On March 1, 2018, the Alabama Senate unanimously passed the Alabama Data Breach Notification Act of 2018 (SB 318). The bill is now in the House of Representatives, where it has since been amended by the Technology and Research Committee and awaits a vote. Spearheaded by the Attorney General’s Office, SB 318 would make Alabama the 49th state to enact data breach notification legislation.
SB 318 defines a qualifying data breach as any “unauthorized acquisition of data in electronic form containing sensitive personally identifying information (PII).” The proposed bill takes care to include ongoing and repeated data breaches in the definition, as long as the breach is perpetrated by the same offender. The release of publicly available records and law enforcement investigations, though, are not within the scope of SB 318.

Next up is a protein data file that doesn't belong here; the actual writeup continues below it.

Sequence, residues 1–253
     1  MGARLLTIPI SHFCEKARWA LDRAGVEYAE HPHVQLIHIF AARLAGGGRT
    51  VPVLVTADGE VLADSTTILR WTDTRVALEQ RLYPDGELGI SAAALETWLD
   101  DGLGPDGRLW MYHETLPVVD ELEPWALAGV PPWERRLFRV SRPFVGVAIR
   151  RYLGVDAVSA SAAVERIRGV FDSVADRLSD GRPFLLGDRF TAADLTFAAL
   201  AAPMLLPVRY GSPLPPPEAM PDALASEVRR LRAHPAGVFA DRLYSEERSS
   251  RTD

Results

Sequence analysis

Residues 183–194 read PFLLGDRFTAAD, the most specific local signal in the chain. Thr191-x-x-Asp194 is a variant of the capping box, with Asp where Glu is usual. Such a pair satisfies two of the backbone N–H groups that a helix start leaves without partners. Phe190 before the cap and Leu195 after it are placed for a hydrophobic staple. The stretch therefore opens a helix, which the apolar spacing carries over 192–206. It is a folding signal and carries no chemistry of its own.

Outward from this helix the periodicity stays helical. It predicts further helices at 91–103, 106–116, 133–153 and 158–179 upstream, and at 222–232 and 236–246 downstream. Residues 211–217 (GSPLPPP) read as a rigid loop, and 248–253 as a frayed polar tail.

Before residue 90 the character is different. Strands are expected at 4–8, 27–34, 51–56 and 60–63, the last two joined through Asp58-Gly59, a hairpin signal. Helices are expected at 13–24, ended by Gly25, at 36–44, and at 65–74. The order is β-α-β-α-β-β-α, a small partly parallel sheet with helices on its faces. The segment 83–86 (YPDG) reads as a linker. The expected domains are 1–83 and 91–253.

Covered Entities and Information
The act has a wide breadth of covered entities ranging from individuals to commercial entities and, notably, nonprofit organizations. Under the act, an affected individual is any Alabama resident whose personal information (PI) is compromised, or “reasonably believed” to be, as a result of a data breach. SB 318 defines the following types of information as PII, when one or more is combined with an individual’s first name or first initial and last name:
- A non-truncated Social Security number or tax identification number
- A non-truncated driver’s license number, state-issued identification card number, passport number, military identification number, or other government-issued unique identification number